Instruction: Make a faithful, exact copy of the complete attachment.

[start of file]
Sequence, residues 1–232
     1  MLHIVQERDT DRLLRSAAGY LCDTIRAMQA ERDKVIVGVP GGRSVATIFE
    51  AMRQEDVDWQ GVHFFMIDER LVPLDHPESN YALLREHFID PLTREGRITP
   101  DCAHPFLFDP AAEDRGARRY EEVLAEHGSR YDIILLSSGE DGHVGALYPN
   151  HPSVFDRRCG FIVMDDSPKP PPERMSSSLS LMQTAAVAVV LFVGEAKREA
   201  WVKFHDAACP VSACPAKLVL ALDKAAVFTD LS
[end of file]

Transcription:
Sequence, residues 1–232
     1  MLHIVQERDT DRLLRSAAGY LCDTIRAMQA ERDKVIVGVP GGRSVATIFE
    51  AMRQEDVDWQ GVHFFMIDER LVPLDHPESN YALLREHFID PLTREGRITP
   101  DCAHPFLFDP AAEDRGARRY EEVLAEHGSR YDIILLSSGE DGHVGALYPN
   151  HPSVFDRRCG FIVMDDSPKP PPERMSSSLS LMQTAAVAVV LFVGEAKREA
   201  WVKFHDAACP VSACPAKLVL ALDKAAVFTD LS